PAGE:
In summary, the historical Cold War was ‘fought’ between two rival camps, the Soviet Union and the United States.
However, today, China has yet to have a clear, unified rival base or alliance behind it, not to mention that China has consistently opposed alliances and rivalries. It has yet to show engagement in expansion, let alone establishing pro-communist governments abroad. China's Taiwan issue has existed since the establishment of diplomatic relations between China and the US, and the three Sino-US joint communiqués have repeatedly confirmed the one-China proposition.
In addition, despite differences of opinion on many international and domestic issues, there is no longer a communist ideological debate between China and the United States; nor is there the same ideological tension or incompatibility between the Soviet Union and the United States either officially or privately. Any American visiting or living in China is likely to agree. On the contrary, after more than 40 years of reform and opening up, China has kept pace with the rest of the world and, in some respects, has even done a better and more efficient job than the United States.
The difference in diplomatic tone between the US and China is more a result of China's rising national power and its eagerness to break away from the shadows of powerlessness and poverty that began in 1840. China dreams of a great rejuvenation of the nation as soon as possible. This strong sense of national pride is natural for an ancient country with a 4,000-year history of civilisation. For Americans, it is unimaginable and incomprehensible and has become a source of many misunderstandings and prejudices.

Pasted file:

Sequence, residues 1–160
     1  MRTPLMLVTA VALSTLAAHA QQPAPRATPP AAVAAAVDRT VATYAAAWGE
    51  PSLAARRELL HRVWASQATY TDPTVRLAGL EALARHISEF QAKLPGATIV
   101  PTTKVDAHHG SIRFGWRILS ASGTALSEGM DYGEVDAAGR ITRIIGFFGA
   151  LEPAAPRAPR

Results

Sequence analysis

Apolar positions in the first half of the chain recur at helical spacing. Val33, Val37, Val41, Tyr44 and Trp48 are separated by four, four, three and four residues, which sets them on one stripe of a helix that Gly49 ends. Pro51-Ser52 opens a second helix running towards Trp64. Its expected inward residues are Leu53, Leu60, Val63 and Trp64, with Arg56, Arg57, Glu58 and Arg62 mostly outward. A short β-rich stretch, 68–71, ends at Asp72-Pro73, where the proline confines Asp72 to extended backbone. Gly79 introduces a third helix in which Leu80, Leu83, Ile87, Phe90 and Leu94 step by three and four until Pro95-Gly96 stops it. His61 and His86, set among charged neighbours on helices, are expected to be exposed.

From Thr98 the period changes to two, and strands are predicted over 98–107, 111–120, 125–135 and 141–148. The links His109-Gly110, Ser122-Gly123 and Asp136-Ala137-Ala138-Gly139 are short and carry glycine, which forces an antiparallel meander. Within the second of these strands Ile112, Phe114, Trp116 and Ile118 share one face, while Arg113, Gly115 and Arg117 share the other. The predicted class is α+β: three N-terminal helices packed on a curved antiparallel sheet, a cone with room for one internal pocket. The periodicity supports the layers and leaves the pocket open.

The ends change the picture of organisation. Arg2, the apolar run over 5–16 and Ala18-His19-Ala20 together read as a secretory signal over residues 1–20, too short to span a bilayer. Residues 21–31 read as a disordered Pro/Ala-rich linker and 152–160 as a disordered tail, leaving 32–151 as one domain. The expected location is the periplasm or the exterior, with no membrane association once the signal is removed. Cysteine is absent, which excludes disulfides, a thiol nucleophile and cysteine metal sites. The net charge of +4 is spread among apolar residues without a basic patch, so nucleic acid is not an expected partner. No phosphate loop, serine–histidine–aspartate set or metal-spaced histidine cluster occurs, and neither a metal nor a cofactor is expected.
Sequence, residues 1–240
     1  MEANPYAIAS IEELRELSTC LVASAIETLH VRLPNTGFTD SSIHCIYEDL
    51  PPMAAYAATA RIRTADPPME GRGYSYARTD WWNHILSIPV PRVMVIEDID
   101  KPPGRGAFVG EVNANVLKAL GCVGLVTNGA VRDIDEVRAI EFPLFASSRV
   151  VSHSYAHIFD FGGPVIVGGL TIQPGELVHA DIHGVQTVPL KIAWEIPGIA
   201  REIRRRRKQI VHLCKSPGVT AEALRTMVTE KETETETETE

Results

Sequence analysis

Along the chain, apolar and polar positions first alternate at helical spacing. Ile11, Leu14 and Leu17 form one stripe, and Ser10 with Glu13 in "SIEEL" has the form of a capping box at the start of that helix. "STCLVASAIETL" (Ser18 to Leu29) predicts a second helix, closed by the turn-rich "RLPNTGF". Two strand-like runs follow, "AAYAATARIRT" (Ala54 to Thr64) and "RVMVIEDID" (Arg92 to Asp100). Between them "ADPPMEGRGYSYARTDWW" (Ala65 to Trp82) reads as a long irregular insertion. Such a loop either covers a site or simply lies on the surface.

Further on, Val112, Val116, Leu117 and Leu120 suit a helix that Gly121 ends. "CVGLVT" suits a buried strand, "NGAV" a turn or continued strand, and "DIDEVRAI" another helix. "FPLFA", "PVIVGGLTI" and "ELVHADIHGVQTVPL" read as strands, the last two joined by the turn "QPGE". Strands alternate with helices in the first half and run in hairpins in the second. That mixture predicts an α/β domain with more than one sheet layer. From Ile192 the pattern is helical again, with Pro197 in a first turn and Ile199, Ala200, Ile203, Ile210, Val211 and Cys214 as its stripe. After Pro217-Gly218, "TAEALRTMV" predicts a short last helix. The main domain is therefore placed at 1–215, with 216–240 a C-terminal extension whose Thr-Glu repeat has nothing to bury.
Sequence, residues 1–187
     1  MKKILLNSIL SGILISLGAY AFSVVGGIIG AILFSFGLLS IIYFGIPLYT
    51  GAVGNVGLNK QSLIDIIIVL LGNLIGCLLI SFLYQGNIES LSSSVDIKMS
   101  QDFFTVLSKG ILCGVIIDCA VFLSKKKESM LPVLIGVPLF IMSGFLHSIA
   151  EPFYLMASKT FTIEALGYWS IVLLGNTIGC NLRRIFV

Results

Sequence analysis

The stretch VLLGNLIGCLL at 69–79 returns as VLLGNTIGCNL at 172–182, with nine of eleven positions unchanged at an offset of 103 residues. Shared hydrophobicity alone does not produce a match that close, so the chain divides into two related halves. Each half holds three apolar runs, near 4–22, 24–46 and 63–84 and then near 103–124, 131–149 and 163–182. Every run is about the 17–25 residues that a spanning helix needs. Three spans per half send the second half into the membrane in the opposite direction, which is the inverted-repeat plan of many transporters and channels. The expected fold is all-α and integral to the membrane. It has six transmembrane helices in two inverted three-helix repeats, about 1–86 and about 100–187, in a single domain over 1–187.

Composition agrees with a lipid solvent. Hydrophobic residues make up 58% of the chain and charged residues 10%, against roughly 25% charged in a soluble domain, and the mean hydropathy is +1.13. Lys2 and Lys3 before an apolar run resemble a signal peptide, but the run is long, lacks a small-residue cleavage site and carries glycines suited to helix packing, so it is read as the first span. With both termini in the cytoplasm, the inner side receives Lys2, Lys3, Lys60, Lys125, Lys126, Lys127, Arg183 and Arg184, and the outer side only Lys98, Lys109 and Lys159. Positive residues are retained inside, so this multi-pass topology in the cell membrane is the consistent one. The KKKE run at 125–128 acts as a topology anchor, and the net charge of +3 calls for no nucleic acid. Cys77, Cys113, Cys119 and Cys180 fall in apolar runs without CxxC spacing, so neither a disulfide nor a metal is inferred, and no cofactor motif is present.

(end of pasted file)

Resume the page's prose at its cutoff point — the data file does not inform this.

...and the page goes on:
As for the return of universalism and the ideas of previous emperors, it is, at most, a traditional cultural view and has yet to be elevated to the level of Chinese foreign policy. Thus it is not the same as the ideological dispute between Russia and America during the Cold War. The conflict between East and West from 1840 onwards in China resulted from the West forcing what it considered a more developed, advanced, and civilised economy, trade, institutions, culture, and even religious views on the Chinese people.
On the contrary, China chose to stand firmly on the side of the United States in the post-September 11 war on terror, not only condemning terrorist acts but also opening its military intelligence and bases to the USA. This is a far cry from the brutal and radical manoeuvres of the Soviet Union at the dawn of the Iron Curtain when it staged the Berlin blockade and the Czech coup and agreed to the North Korean invasion of South Korea.